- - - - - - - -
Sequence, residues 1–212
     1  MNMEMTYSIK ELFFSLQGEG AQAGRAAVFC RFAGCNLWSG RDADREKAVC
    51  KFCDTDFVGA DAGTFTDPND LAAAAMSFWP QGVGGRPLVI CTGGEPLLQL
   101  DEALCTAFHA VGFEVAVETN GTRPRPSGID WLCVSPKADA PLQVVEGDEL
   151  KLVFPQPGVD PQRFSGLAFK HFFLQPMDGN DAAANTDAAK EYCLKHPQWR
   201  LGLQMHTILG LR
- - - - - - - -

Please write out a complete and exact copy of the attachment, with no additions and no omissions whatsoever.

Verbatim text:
Sequence, residues 1–212
     1  MNMEMTYSIK ELFFSLQGEG AQAGRAAVFC RFAGCNLWSG RDADREKAVC
    51  KFCDTDFVGA DAGTFTDPND LAAAAMSFWP QGVGGRPLVI CTGGEPLLQL
   101  DEALCTAFHA VGFEVAVETN GTRPRPSGID WLCVSPKADA PLQVVEGDEL
   151  KLVFPQPGVD PQRFSGLAFK HFFLQPMDGN DAAANTDAAK EYCLKHPQWR
   201  LGLQMHTILG LR